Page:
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How do you find the 'happy' in Pork Month 2020?

Closeup of a piglet being held National Hog Farmer/Kevin Schulz
Is your glass half full, quarter full, or no glass at all this Porktober?

Happy Pork Month!

The turning of the calendar to October obligates me to greet people that way, as the 10th month of the year is designated as Pork Month. But it seems hollow this year. Is it right to say "happy" Pork Month?

There is no "perfect" year in hog production, but 2020 has brought with it a whole new set of obstacles that many in the industry have never seen and hope to never see again. Packer capacity has been an issue in years past, with the question if there was enough shackle space. Well, this year COVID-19 crept into our packing plants, and it wasn't shackle space holding us back, but rather the lack of enough healthy people on the line for the slaughter and processing plants to remain operating at capacity or at all.

As we all know that filtered back to the farm to start slowing hog growth, or stopping it altogether by euthanizing market hogs. It remains unclear how many hogs were backed up and remain backed up on farms as plants are playing catch-up on the backlog.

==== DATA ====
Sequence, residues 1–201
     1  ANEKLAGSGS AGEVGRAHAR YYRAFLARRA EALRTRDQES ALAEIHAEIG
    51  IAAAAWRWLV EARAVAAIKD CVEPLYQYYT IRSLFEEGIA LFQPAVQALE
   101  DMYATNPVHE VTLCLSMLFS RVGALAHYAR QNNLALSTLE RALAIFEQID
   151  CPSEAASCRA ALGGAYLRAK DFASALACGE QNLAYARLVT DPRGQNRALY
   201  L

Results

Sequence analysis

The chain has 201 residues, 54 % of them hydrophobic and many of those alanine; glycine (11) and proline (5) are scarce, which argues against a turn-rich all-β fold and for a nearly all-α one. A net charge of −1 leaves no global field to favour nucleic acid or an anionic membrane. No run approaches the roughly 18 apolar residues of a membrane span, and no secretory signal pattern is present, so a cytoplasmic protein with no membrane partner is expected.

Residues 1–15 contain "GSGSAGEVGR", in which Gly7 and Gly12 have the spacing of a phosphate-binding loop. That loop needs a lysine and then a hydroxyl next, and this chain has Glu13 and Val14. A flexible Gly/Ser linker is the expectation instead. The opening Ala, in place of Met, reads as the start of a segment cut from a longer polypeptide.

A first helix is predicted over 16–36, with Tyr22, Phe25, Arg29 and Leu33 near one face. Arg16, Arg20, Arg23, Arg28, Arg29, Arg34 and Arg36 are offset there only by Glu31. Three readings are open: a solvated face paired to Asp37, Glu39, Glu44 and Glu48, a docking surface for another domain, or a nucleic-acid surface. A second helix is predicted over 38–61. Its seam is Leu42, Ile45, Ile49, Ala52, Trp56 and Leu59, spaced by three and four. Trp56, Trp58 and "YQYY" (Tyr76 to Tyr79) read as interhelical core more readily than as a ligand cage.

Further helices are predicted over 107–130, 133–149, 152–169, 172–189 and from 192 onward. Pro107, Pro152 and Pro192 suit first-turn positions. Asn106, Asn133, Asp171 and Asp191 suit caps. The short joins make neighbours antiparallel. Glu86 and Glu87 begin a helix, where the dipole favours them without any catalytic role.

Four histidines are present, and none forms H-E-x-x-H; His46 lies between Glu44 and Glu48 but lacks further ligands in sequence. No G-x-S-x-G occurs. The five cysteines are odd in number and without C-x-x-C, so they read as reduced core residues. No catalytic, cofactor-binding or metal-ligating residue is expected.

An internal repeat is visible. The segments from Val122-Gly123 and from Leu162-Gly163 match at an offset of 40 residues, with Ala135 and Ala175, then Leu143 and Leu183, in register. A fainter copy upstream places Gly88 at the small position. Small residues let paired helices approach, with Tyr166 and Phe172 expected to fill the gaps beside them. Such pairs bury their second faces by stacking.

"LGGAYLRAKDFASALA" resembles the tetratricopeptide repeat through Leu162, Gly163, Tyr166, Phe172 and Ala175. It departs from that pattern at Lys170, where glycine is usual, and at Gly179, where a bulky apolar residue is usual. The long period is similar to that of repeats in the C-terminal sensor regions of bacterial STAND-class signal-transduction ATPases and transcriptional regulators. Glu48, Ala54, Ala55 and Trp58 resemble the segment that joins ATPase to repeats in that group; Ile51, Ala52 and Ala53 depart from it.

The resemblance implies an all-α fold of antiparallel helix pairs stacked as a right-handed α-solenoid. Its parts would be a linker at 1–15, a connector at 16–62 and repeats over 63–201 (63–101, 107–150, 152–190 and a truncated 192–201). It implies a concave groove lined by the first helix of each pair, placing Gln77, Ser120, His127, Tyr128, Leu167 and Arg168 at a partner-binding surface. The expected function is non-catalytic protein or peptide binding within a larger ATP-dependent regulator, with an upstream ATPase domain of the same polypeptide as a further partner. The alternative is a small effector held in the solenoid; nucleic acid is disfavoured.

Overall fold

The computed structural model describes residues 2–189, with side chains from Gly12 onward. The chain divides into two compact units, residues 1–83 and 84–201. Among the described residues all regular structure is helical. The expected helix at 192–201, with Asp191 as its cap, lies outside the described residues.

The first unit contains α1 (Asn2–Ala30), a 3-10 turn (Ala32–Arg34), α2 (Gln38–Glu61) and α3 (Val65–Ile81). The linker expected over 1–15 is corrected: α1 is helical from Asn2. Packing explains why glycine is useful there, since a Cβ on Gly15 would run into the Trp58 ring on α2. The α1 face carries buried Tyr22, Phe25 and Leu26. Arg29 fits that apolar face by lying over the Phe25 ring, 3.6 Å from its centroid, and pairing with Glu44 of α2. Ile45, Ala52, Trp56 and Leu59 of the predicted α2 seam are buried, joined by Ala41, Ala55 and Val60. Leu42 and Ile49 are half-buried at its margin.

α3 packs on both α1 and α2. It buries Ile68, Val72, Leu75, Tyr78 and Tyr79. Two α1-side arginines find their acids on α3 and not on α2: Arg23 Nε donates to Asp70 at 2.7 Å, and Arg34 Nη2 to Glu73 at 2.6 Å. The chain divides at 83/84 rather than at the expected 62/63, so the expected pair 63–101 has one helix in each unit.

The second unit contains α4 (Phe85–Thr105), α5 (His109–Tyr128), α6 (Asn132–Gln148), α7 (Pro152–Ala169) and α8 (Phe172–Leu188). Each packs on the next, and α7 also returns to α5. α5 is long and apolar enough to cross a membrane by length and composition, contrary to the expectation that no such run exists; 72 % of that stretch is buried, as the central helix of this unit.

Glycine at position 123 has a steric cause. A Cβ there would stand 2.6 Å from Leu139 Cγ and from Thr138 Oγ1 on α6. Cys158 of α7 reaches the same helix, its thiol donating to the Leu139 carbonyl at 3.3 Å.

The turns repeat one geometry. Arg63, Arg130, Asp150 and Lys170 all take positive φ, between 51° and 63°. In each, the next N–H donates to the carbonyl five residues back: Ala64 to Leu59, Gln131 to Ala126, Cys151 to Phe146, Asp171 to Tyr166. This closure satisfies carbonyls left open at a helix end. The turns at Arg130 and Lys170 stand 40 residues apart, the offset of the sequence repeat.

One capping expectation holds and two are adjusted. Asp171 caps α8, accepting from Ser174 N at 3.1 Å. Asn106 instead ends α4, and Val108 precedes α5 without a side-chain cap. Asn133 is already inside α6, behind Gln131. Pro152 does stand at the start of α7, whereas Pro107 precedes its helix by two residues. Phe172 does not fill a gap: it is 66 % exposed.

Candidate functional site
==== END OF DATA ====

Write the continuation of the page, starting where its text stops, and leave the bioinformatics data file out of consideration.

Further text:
A lot of factors are in play here, and a lot of them are leading to poor market conditions and tough times for producers.

So that gets us back to my first question: "Is it right to say 'happy' Pork Month?"

I always try to be a glass-half-full type of guy, but that has been really tough this year. And I'm just writing about this great industry, I'm not in the barns like you are day in and day out. It may be hard for you to see the glass as being half full, or quarter full, or maybe you don't think that you even have a glass at all.

You are not alone; every hog producer is going through the exact same thing as you are. Sure, some operations may be structured differently to enable them to better withstand market downturns.

Regardless where and how you stand in the U.S. pork industry, you and your operation are very important to the viability of the industry as a whole. As we learned with the pork supply chain disruption this year, every link in that chain is very important in keeping this well-oiled machine that is the U.S. pork industry running smoothly.

Pork producers are some of the most resilient, salt-of-the-earth people who I have ever met, from the ones who I grew up around to the ones who I have now grown to know. Farmers as a whole are problem solvers, and pork producers may be better in tune with finding solutions to problems they are presented with, rather than waiting for someone else to solve the problem at hand.

Just as I wrote last week in this space, market analysts say things should be looking up for the producers who are able to withstand the current tough situation. The producers who do come through this, though battered and worn, will be stronger and the industry as a whole will also be stronger.

We will right this ship, and we will get back to time when we can say "happy" Pork Month. In the meantime, we would like to hear from you, how you're holding up in these times. How do you manage to stay upbeat about the industry for your barn crew, your family and, maybe most importantly, for yourself? Drop me a line, I want to hear from you. Remember, we're all in this together.

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